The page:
1. The number of solutions found so far
  2. The size of the tree (defined to be the number of active nodes)
  3. A weight, weight_, which is initialized to -1.0
  4. A saved value of weight, saveWeight_ (for when weight is set back to -1.0 for special reason)

The full code for the CbcCompareUser::test() method is the following:

// Returns true if y better than x
CbcCompareUser::test (CbcNode * x, CbcNode * y)
  if (weight_==-1.0) {
    // before solution
    if (x->numberUnsatisfied() > y->numberUnsatisfied())
      return true;
    else if (x->numberUnsatisfied() < y->numberUnsatisfied())
      return false;
      return x->depth() < y->depth();
  } else {
    // after solution.
    // note: if weight_=0, comparison is based
    //       solely on objective value
    double weight = CoinMax(weight_,0.0);
    return x->objectiveValue()+ weight*x->numberUnsatisfied() >
      y->objectiveValue() + weight*y->numberUnsatisfied();

Initially, weight_ is -1.0 and the search is biased towards depth first. In fact, test() prefers y if y has fewer unsatisfied variables. In the case of a tie, test() prefers the node with the greater depth in tree. Once a solution is found, newSolution() is called. The method newSolution() interacts with test() by means of the variable weight_. If the solution was achieved by branching, a calculation is made to determine the cost per unsatisfied integer variable to go from the continuous solution to an integer solution. The variable weight_ is then set to aim at a slightly better solution. From then on, test() returns true if it seems that y will lead to a better solution than x. This source for newSolution() is the following:

// This allows the test() method to change behavior by resetting weight_.
// It is called after each new solution is found.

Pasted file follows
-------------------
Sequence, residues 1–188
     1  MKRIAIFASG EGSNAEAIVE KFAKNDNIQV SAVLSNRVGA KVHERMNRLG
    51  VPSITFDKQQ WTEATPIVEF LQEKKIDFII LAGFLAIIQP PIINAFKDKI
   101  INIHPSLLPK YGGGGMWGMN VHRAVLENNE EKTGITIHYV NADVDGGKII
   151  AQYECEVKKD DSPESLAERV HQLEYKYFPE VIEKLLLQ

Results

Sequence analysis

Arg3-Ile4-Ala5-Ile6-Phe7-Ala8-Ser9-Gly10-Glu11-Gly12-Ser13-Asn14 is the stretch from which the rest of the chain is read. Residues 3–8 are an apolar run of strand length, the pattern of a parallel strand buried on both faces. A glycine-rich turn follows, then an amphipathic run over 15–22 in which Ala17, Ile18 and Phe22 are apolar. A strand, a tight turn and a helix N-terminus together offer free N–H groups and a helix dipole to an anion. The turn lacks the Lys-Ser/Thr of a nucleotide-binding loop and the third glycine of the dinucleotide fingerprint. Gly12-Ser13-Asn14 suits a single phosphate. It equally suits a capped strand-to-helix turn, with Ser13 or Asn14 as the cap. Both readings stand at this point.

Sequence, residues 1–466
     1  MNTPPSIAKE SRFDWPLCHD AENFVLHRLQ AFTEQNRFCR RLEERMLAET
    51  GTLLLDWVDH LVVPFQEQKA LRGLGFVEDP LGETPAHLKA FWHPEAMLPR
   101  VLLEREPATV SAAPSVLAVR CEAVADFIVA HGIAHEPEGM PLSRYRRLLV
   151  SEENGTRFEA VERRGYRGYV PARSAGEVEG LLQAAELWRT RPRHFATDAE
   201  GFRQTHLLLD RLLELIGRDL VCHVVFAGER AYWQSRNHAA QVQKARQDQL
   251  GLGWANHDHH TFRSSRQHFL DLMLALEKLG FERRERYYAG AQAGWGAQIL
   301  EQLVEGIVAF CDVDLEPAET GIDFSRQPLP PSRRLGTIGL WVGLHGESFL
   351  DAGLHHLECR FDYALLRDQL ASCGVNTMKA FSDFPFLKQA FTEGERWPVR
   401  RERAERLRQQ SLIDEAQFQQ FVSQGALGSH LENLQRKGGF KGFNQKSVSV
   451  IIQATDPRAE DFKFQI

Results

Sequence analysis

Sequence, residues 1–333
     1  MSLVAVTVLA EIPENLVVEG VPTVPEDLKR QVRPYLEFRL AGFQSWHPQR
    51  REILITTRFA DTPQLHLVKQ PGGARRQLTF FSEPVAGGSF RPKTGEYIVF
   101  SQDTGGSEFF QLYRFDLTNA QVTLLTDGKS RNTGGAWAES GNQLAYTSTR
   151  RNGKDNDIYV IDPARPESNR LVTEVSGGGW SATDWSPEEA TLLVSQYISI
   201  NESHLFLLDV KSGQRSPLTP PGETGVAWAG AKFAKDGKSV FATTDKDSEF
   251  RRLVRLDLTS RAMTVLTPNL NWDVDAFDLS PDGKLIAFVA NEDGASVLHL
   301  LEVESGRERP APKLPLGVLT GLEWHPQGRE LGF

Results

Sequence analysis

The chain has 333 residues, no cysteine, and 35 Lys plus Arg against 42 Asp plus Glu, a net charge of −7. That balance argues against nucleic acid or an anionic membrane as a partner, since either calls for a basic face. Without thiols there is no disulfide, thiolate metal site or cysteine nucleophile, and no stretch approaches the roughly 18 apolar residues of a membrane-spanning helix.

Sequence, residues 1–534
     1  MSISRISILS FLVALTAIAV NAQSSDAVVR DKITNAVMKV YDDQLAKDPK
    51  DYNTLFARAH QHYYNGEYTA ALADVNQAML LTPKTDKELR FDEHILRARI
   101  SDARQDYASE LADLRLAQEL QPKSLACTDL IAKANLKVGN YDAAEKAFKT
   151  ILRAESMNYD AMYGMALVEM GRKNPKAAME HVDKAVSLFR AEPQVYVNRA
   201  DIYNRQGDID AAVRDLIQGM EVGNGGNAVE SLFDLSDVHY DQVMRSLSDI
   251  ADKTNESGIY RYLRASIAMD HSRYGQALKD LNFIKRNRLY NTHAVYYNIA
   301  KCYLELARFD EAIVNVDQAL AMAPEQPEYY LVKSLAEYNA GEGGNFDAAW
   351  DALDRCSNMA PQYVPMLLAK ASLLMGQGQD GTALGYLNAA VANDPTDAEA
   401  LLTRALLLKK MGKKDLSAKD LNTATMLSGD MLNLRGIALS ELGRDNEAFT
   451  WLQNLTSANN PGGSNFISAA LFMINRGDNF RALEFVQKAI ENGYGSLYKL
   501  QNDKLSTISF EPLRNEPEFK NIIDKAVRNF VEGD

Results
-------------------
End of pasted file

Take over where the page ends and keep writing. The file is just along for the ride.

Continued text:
CbcCompareUser::newSolution(CbcModel * model,
                   double objectiveAtContinuous,
                   int numberInfeasibilitiesAtContinuous)
  if (model->getSolutionCount()==model->getNumberHeuristicSolutions())
    return; // solution was found by rounding so ignore it.

  // set weight_ to get close to this solution
  double costPerInteger =
    ((double) numberInfeasibilitiesAtContinuous);
  weight_ = 0.98*costPerInteger;
  if (numberSolutions_>5)
    weight_ =0.0; // comparison in test() will be
                  // based strictly on objective value.

As the search progresses, the comparison can be modified. If many nodes (or many solutions) have been generated, then weight_ is set to 0.0 leading to a breadth-first search. Breadth-first search can lead to an enormous tree. If the tree size is exceeds 10000, it may be desirable to return to a search biased towards depth first. Changing the behavior in this manner is done by the method every1000Nodes shown next:

// This allows the test() method to change behavior every so often
CbcCompareUser::every1000Nodes(CbcModel * model, int numberNodes)
  if (numberNodes>10000)
    weight_ =0.0; // compare nodes based on objective value
  else if (numberNodes==1000&&weight_==-2.0)
    weight_=-1.0; // Go to depth first
  // get size of tree
  treeSize_ = model->tree()->size();
  if (treeSize_>10000) {
    // set weight to reduce size most of time
    if (treeSize_>20000)
    else if ((numberNodes%4000)!=0)
  return numberNodes==11000; // resort if first time